Book review – Murder on the Orient Express – Agatha Christie [pub. 1934] [Dont worry, I won't be giving away the book's ending in this review] This is a rambling review of the first and only Agatha Christie that I have read, Murder on the Orient Express (1934). And like a train this review may be… Continue reading Book review: Murder on the Orient Express by Agatha Christie
Book review – When the World Screamed by Sir Arthur Conan Doyle (Professor Challenger #4). 1928. Sir Arthur Conan Doyle is famous for his Sherlock Holmes stories, but did you know that he created a series of stories for another eccentric genius, Professor George Edward Challenger? There are five Challenger stories in total, this is… Continue reading Book review: When the World Screamed by Arthur Conan Doyle (1928)
Book review - Things Fall Apart by Chinua Achebe (1958) I have just read a fascinating book, Things Fall Apart* by Chinua Achebe. It was published in 1958, but is set in the 1890s. The book was given to me by a friend: "I think you might enjoy this". As usual on these occasions my… Continue reading Book review: Things Fall Apart by Chinua Achebe
This is a short postscript to the last post, it's not going to be a regular theme. I prefer to focus on the positive, if possible. Another public museum is selling off art to pay the bills. Berkshire Museum in Massachusetts (USA) is selling off 40 of it's most notable paintings, sculptures and drawings -… Continue reading A postscript to “Selling public art” – another sell-off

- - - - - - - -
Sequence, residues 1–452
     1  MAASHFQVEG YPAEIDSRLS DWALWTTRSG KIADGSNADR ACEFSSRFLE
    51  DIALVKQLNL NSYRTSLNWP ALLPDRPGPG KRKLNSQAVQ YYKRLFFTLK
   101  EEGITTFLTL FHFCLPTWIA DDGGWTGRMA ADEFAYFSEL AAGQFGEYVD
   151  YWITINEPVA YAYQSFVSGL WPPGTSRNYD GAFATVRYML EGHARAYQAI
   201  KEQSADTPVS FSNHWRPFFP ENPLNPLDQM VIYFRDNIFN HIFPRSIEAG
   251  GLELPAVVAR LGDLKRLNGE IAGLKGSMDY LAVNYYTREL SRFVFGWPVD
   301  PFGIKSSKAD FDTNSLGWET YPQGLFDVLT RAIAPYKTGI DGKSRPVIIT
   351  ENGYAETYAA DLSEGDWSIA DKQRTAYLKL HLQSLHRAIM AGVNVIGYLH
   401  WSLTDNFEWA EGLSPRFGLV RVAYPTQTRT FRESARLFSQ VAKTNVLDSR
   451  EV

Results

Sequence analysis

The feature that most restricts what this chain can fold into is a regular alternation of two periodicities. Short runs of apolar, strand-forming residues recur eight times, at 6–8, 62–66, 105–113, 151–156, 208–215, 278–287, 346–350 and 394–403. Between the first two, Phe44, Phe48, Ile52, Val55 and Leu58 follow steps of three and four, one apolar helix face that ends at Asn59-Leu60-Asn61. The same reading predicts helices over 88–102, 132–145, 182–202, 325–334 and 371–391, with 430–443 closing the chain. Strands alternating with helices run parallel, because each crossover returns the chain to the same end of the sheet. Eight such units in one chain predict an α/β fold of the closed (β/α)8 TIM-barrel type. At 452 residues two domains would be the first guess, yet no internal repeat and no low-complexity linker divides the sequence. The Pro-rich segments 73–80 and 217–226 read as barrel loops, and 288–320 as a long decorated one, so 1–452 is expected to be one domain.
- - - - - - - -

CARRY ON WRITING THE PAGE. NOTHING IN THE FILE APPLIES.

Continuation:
Going, going ... GONE! When is it acceptable to sell public art? It's happening more frequently than you might think. There was a time when I had assumed that once a work of art had been gifted or bought by a public art gallery, there it would stay (apart from loans and special exhibitions). Later… Continue reading Going, going … GONE! When is it acceptable to sell public art?
Henry David Thoreau (1817-1862) Henry Thoreau was many things: an essayist, poet, practical philosopher, abolitionist, naturalist, tax resister, development critic, surveyor and historian. Those were days when there was still room to do many different things, rather than the intense specialism that is common today. But perhaps most famously, he was author of the book… Continue reading Happy birthday, Henry David Thoreau. 200 years old today (1817-1862). Quotes & thoughts
Today is the anniversary of the death of Sir David Wilkie (18 November 1785 – 1 June 1841). A Scottish painter. When I think of Wilkie, I immediately think of the The Letter of Introduction. The Letter of Introduction (1813) Readers reading series #11 The painting was completed in the same year that Jane Austen's… Continue reading Painting: The Letter of Introduction (1813) by David Wilkie (we’ve all been in this room)